• Plans to develop aerospace R&D facilities, including space launch

We would like to hear more about the annual benefits “up to $300m”.  Benefits ranging from $1 to $300m come into that sweeping guesstimate.

Project Tāwhaki is “a special commercial joint venture” between Kaitōrete Limited (Te Taumutu Rūnanga and Wairewa Rūnanga) and the Crown which will get into the space business while protecting cultural interests and the area’s bio-diversity.

And the contribution to atmospheric emissions?

Woods didn’t mention that while enthusing about the potential to develop our space industry:

“Suitable sites for a space launch and aerospace testing facilities are scarce globally and this long finger of land along the coast of Canterbury is an ideal location. I’m delighted that we can come together in partnership with Kaitōrete Limited to achieve collective conservation, cultural and economic wins,” Megan Woods said.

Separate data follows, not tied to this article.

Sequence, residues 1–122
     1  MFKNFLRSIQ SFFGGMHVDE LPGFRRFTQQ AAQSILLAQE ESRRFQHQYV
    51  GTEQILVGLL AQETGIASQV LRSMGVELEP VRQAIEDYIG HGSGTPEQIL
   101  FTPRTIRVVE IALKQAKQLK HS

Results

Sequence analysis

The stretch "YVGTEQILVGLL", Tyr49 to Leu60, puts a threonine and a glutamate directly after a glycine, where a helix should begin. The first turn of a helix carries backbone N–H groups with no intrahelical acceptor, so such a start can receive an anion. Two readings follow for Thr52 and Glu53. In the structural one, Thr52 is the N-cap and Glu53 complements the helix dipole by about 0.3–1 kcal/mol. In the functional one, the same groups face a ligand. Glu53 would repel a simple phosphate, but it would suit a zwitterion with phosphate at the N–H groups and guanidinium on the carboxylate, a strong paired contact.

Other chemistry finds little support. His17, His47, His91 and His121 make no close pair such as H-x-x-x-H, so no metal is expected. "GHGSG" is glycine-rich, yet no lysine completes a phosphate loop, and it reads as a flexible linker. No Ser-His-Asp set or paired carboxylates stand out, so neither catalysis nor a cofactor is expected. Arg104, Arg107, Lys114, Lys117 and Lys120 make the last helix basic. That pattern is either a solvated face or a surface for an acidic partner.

Kaitōrete Limited and the Crown have entered into a Joint Venture partnership to purchase parcels of land (1,000 hectares) near Banks Peninsula.

The Crown has contributed $16 million to secure the land. The Crown and the Rūnanga will each own 50 percent shares in the land and project.

Then a Kaitōrete Limited spokesperson, David Perenara-O’Connell, gushes about the cultural side of the deal:

“This area is steeped in whakapapa and is hugely significant to the whānau of Te Taumutu and Wairewa. As mana whenua, it’s our role to make sure that we honour the past; those who have lived, travelled and fallen in this area by protecting and restoring its values and reaffirming our relationship to this whenua for our future generations,” Kaitōrete Limited spokesperson David Perenara-O’Connell said.

“By developing aerospace on Kaitōrete Spit we can generate a sustainable and viable industry for us and our greater Christchurch community. This will also enable the Rūnanga to invest more into the rejuvenation of Kaitōrete and the adjoining hāpua, Te Waihora.”

The nature of the relationship was emphasised in the next paragraph:

“This is a true partnership, co-designed and co-developed between the Rūnanga and the Crown. It recognises that the project could not have been possible without each other, and by working together, everyone is able to achieve their goals. The opportunities of Project Tāwhaki will benefit generations to come – mō tātou, ā, mō kā uri a muri ake nei (for us and our children after us),” David Perenara-O’Connell said.